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While Briggs praised the documentary for its research and objectivity, she also said the title was offensive to native tribes.

“The word Totem is a sacred Ojibwe word. The Ojibwe people speak Anishinaabe and an Anishinaabe word for clan was borrowed and transliterated into English as the word for totem,” Briggs said. “The use of the word totem in the title of this documentary is inappropriate and an example of cultural appropriation.”

Briggs said that while she understood the word totem was used to be “thought-provoking,” she also noted that “intent and impact, particularly in social justice, are two very different things.”

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“The image of the firearm leaning against Ojibwe sacred word further reminds us about genocide against natives by early colonists. Both the name of the documentary and it’s visual imagery are deeply painful and ignore native narratives and cultural perspectives which are crucial to understanding the foundation of gun violence in the United States,” Briggs said. “The Indigenous Support Collaborative of Nor Cal request that the filmmakers consider renaming the documentary to remove the harmful and appropriative use of the word totem.”

Hilderbrand acknowledged Briggs statement and told her she would be willing to set up a meeting to discuss the title more.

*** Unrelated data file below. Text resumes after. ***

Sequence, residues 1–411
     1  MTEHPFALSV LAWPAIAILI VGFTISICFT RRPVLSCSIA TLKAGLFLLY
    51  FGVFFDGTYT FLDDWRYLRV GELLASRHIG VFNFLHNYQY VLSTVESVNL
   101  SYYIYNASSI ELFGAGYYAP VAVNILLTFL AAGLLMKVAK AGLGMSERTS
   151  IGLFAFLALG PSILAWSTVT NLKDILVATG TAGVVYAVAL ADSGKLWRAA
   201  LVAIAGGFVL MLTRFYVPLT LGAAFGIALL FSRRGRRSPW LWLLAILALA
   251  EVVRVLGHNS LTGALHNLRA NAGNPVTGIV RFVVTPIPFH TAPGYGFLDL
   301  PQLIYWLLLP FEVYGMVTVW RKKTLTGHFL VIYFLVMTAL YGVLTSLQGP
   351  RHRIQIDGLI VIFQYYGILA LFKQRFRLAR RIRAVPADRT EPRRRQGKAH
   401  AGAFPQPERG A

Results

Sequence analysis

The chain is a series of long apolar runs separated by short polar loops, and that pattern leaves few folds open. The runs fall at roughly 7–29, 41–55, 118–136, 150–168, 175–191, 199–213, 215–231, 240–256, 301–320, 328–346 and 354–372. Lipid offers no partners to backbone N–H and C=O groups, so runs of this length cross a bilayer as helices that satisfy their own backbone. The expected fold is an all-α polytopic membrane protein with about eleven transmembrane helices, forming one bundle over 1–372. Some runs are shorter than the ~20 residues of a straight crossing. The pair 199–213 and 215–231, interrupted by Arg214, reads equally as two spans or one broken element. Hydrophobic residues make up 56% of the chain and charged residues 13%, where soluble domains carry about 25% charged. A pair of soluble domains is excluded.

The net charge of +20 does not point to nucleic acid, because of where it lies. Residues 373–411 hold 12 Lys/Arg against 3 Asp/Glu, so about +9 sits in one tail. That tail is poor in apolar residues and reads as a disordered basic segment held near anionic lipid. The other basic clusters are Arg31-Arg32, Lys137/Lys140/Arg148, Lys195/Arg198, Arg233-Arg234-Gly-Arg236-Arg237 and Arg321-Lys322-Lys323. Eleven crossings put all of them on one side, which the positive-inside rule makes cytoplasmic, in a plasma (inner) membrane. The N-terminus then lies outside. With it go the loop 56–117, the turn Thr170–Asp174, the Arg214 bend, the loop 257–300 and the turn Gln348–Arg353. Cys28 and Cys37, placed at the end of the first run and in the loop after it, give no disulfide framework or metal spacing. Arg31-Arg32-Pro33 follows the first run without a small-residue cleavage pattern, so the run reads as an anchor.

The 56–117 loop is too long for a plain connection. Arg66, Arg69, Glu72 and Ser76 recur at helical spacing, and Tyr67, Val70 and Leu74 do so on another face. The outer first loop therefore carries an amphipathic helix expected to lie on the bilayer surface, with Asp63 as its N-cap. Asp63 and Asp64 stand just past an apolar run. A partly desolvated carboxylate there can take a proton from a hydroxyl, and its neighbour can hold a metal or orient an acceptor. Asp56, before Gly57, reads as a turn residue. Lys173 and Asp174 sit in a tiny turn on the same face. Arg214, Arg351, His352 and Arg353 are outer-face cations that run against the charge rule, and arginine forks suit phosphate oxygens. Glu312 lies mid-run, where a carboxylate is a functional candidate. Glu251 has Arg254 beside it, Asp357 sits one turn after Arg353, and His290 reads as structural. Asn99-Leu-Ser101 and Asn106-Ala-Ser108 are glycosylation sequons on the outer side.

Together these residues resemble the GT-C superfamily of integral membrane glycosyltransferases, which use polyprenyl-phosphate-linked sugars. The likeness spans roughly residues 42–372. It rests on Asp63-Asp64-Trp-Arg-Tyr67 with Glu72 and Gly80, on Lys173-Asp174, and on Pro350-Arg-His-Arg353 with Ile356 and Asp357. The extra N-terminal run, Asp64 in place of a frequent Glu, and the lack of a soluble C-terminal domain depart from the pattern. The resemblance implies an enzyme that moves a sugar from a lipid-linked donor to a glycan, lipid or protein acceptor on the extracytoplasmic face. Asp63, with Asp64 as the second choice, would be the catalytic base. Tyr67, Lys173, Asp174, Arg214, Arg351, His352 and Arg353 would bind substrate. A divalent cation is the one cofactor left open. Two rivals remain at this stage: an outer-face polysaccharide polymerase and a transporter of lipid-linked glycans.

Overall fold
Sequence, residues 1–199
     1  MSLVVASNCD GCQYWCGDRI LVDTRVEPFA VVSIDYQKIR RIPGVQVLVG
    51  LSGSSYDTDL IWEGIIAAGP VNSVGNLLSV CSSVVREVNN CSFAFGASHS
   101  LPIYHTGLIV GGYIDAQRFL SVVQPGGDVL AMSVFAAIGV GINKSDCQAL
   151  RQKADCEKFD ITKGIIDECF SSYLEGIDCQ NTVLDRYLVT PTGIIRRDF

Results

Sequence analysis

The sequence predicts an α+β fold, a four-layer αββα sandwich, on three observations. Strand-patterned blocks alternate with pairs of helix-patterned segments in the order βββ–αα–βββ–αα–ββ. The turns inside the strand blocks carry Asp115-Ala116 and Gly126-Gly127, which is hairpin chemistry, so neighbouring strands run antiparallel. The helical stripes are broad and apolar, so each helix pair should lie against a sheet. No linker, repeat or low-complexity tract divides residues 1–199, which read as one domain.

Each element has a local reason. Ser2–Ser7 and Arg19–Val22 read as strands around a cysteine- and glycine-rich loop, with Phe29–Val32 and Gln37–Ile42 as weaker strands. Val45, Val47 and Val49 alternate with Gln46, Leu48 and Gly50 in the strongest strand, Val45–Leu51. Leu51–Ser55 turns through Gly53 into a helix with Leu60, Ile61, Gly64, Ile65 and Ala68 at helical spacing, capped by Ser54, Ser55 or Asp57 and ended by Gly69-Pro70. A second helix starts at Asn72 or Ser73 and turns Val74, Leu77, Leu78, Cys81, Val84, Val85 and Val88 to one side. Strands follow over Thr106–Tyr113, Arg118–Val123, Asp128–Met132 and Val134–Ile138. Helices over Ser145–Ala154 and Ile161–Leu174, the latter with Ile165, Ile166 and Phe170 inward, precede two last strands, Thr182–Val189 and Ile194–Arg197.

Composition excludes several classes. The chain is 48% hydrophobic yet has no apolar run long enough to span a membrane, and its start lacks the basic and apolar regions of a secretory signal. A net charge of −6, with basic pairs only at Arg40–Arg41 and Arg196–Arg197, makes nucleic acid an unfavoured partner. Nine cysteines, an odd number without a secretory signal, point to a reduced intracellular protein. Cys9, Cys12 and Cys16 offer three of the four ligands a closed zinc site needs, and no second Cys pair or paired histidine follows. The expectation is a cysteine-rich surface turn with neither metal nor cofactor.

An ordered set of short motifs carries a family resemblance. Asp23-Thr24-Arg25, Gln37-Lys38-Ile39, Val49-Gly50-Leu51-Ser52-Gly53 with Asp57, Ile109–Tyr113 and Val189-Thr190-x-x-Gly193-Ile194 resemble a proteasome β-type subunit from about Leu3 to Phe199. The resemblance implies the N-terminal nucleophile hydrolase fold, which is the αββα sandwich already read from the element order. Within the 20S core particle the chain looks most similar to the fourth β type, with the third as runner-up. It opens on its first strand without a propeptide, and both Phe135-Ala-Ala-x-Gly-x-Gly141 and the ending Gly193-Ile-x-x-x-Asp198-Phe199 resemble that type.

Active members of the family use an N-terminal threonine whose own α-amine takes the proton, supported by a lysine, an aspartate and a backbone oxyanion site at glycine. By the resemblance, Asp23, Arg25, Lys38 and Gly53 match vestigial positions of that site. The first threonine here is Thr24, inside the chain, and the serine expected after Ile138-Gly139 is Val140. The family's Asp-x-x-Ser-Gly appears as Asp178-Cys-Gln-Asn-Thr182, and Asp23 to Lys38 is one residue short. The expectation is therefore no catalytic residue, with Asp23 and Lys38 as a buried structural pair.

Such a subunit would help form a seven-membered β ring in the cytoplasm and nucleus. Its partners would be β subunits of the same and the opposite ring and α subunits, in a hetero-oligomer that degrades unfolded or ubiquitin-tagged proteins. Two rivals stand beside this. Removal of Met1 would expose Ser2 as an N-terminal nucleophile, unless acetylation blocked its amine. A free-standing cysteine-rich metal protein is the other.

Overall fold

“We did think about this (word) and we can think some more…At this very moment I stand by it (but) I’m happy to talk to you all about it,” Hilderbrand said. “We’ll set up a time and we’ll absolutely talk it through.”

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President Hutchinson commended Hilderbrand on showing the pre-released film and allowing the public to give feedback.

“I want to thank you, Susan, for an incredible opportunity to really see the film in its beginning,” Hutchinson said. “I know there’s a lot of feedback that you received and maybe changes to be made or not made, but what’s important is what we learn.”

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Hutchinson later added that no documentary could entirely capture the entire gun violence issue, but American Totem was a great way to open this dialogue.

“With this documentary, I can actually see it serving as a wonderful tool for those who are up and coming through activism,” Hutchinson said. “Our young people (may) say ‘You know what, this was not complete enough, I’m going to step and make another (documentary). And do it so I can fuel the conversation further by taking on another piece that we know is there that we have yet to talk about.’”

An official release date for the film is yet to be determined but to find out more information on the documentary visit the American Totem website or watch the trailer below.

Alex Grant can be reached at [email protected] or @AlexThomasGrant on Twitter.

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1 Comment

One Response to “‘American Totem’ discusses the culture behind gun violence”

  1. Conqueror of the Natives on March 27th, 2018 1:22 pm

    Would have been more fun if they let us ask questions debate style. I mean seriously that was so boring and pointless.

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‘American Totem’ discusses the culture behind gun violence